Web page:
After a brief hospitalization, Paul R. Eastman of 46 S. Spring St., Concord, died July 29, 2018, of congestive heart failure. On the day he died, he was in Concord’s Hospice House surrounded by people who loved him.
He was a seventh-generation descendant of Ebenezer Eastman, the first settler of Concord. Paul was born in Dover, to Bernice Munn Eastman and Edson Farnum Eastman. He spent his boyhood in Durham; on Catamount Dairy Farm in Pittsfield; on Rosewald Dairy Farm in Hillsboro; and in downtown Hillsboro, prior to moving to Concord in 1944.
He graduated from Concord High School in 1949 and Davidson College in 1953, and at both schools was an outstanding baseball pitcher. Following two years of army service as a lieutenant, he earned a master’s degree from Springfield College, and then began a 29-year career in Amityville, N.Y., schools, where he coached a total of 80 squads in baseball, wrestling, and soccer.
Upon his retirement in 1986, he returned to his family home in Concord. Three years later his father, Red Eastman – Concord’s Citizen of the Year in 1980 – suffered a stroke. For his father’s final four years and nine months, Paul provided him with total personal care. This complicated and challenging responsibility was an enormous gift to his father and to his entire family.
Paul had a commitment to staying connected to people and honoring the past, qualities he admired and learned from his parents. He wrote and donated to the Concord Public Library, booklets on the genealogy of the Eastman family and the history of the Sunset League, the Chandler Eastman Wagon Company, the Hillsboro Center School, and the milk industry in New Hampshire, including Eastman’s Dairy. He also wrote an autobiographical booklet, My Life and the World I Lived In, 1931-2016.
Each December, Paul sent 150 Christmas cards to friends and relatives. Paul had expressive, sparkling blue eyes, a jolly chuckle, and a big heart. He contributed modestly to a number of charities and organizations, and was a faithful blood donor. Paul’s visitors enjoyed conversations at his kitchen table and often went home with articles or comics cut from the three papers he read daily.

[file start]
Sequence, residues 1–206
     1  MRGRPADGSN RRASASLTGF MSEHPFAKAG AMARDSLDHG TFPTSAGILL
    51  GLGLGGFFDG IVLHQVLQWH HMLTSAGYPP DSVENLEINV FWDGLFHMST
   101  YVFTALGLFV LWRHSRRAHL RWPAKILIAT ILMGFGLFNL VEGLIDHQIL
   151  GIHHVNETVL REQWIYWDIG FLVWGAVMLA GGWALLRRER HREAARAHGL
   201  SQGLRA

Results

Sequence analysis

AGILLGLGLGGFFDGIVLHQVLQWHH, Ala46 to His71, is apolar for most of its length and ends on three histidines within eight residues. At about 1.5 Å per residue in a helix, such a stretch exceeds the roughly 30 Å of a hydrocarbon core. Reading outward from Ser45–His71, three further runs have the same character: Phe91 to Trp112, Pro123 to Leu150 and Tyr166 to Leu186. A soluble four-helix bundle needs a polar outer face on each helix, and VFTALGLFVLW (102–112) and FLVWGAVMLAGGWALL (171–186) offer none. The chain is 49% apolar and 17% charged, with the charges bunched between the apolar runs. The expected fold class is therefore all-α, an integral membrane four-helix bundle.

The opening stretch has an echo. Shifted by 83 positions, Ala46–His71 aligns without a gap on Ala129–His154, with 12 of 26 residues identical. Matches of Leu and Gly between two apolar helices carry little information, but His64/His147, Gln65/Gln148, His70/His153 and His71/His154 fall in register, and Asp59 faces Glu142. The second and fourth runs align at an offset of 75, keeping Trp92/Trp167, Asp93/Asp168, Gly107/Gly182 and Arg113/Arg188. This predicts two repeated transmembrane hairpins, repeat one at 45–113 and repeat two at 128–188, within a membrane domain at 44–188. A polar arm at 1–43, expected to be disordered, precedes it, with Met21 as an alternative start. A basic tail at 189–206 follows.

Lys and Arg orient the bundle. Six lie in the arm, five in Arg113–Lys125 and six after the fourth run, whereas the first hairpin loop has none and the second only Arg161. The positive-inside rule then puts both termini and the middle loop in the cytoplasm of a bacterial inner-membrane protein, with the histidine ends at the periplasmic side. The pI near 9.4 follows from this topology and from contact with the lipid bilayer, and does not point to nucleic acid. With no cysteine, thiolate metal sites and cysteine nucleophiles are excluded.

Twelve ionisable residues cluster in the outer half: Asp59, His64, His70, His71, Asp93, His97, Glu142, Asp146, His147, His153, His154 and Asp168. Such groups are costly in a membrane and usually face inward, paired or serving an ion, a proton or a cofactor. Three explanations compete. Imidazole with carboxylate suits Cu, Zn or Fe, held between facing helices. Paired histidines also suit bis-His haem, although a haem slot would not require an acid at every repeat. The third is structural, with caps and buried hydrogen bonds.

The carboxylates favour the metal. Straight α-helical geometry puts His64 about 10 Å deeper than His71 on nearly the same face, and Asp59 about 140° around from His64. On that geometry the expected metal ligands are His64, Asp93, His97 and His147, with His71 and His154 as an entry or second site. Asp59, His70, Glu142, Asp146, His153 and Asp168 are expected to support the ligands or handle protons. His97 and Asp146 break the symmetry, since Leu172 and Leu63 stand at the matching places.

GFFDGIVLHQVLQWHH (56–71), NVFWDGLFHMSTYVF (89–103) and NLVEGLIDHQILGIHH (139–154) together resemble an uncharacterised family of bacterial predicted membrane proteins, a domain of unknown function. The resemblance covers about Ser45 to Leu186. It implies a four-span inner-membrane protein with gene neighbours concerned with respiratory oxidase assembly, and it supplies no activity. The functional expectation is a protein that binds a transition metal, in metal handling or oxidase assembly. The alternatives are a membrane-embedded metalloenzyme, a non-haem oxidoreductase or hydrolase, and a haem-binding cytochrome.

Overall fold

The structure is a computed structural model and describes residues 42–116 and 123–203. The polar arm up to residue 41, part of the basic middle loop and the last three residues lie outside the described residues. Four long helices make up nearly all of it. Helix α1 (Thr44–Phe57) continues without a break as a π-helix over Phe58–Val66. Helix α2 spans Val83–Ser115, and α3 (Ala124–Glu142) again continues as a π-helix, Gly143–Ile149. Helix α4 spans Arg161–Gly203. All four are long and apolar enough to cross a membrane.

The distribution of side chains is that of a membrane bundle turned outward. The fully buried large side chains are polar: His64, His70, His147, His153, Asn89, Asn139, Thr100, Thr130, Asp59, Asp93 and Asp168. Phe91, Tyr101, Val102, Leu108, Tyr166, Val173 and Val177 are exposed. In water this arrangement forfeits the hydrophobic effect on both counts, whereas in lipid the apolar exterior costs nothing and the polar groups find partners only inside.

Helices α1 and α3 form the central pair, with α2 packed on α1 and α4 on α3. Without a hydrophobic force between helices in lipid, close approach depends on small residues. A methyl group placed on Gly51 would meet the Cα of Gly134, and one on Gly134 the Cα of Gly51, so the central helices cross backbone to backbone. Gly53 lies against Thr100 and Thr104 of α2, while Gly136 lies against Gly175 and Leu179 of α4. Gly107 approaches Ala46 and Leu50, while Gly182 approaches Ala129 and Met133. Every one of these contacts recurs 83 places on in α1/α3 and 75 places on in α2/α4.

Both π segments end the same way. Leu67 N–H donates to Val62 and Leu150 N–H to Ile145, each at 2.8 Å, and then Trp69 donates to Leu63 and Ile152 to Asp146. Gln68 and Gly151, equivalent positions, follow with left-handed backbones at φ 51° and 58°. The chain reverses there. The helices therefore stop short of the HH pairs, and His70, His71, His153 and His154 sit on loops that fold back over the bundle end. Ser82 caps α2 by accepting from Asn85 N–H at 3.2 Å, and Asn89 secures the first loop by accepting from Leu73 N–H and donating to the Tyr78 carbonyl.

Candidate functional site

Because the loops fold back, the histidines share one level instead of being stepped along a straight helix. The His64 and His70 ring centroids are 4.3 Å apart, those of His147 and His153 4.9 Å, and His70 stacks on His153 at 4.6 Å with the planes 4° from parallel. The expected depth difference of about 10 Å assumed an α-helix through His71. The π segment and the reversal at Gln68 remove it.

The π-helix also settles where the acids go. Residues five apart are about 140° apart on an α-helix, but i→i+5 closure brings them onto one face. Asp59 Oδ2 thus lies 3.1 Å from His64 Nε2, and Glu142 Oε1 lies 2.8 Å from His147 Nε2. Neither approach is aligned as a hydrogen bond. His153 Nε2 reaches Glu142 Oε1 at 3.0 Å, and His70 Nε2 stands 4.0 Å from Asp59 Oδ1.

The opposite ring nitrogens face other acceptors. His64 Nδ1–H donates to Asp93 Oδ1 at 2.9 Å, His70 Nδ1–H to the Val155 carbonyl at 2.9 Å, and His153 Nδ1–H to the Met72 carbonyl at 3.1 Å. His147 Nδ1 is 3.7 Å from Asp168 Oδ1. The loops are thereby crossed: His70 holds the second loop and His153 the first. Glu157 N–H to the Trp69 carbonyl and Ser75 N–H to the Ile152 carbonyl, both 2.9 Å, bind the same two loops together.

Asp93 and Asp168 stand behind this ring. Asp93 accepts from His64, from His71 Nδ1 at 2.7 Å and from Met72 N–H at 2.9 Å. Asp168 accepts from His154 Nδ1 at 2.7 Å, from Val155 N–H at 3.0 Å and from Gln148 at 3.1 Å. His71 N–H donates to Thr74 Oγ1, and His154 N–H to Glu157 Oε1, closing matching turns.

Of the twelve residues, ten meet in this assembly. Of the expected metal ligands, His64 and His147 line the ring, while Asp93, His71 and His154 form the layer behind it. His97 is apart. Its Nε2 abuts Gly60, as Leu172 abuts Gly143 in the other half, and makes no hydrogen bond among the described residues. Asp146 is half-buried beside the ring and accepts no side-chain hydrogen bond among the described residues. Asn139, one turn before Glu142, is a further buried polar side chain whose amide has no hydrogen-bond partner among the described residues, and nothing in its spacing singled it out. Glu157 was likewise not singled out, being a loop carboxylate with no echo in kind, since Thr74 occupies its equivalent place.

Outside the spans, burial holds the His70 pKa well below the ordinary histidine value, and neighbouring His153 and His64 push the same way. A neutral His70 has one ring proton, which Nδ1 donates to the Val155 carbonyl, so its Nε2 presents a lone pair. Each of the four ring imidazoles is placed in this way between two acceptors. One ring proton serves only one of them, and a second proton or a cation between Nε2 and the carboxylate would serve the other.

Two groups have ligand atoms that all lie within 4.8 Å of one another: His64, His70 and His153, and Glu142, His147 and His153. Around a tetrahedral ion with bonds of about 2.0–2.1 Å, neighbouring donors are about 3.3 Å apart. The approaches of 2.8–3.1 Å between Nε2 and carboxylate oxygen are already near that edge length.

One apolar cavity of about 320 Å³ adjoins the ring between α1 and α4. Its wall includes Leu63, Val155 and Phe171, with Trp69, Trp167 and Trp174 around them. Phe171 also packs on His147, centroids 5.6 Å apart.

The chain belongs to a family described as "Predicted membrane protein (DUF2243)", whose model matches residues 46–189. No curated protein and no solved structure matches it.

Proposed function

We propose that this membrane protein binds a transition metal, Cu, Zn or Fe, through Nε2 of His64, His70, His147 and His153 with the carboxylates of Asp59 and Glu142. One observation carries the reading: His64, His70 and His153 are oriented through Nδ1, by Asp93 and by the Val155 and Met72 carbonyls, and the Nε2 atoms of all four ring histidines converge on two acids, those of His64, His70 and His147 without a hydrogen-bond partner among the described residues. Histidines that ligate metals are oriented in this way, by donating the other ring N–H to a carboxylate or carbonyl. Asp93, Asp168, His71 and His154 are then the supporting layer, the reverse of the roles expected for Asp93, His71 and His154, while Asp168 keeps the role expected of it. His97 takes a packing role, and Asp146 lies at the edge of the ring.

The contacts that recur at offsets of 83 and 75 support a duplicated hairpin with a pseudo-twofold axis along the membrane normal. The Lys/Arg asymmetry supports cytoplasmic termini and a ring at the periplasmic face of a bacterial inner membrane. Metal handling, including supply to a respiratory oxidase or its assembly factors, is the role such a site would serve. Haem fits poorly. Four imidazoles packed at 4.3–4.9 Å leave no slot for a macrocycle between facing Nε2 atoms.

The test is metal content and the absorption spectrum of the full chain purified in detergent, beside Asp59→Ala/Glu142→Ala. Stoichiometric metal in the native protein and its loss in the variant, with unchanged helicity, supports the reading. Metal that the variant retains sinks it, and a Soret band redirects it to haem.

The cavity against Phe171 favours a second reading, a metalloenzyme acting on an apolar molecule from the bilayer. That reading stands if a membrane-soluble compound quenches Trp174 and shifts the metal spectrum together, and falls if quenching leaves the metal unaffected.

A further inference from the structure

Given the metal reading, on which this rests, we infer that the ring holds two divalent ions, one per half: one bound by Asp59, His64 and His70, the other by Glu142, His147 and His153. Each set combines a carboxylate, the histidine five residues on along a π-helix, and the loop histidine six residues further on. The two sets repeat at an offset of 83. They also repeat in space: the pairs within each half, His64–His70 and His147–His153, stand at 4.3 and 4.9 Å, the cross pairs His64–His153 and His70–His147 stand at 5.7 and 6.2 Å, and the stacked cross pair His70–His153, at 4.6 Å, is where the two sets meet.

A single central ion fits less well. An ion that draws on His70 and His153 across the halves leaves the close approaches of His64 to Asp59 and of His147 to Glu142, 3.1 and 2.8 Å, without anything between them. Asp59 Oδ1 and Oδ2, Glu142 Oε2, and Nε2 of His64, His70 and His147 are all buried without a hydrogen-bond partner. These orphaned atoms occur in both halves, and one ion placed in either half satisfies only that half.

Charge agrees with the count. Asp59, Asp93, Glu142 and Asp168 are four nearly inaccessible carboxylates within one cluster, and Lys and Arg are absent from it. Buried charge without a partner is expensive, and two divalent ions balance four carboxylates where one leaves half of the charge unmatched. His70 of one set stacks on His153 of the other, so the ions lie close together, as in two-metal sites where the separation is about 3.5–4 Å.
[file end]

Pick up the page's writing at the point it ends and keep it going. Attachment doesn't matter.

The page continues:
He followed his parents’ tradition of giving to others produce from his own garden, lovely flowers from the woods he knew well, and extra corn and maple syrup. He found deep joy and satisfaction in doing this for people he loved, enjoyed, and appreciated. His devotion to his beloved Boston sports teams made him a citizen of three sports nations: The Red Sox, the Patriots, and the Celtics. Even in his seriously declining health, he insisted that the sport’s page of the local paper be brought to him.
Paul is survived by his brother William F. Eastman and William’s wife Judith, of Chapel Hill, N.C.; niece Kimberly Eastman Zirkle, her husband Franklin Zirkle, and their sons Chandler and Hartford Zirkle of Chapel Hill, N.C.; and niece Karen Leta Eastman, her husband Gregory Dohi, and their sons Julian and Jordan of Valley Village, Calif. Paul deeply loved his family to whom he was very generous and loving, of whom he was very interested and proud, and with whom he enjoyed many special moments.
Paul’s family is deeply appreciative of the extraordinary care, support and friendship extended to him by neighbors, friends, medical and nursing personnel, especially in these last few years of his journey. We are forever grateful for their loving and caring presence in his life.
It was Paul’s wish that donations in his memory be made to South Congregational Church, 27 Pleasant St., Concord, 03301, or the Concord Regional Visiting Nurse Association, 30 Pillsbury St., Concord, 03301.
A memorial service will be held on Sunday, Nov. 18, at 2 p.m. at South Congregational Church.
Copyright, 2018, Concord Monitor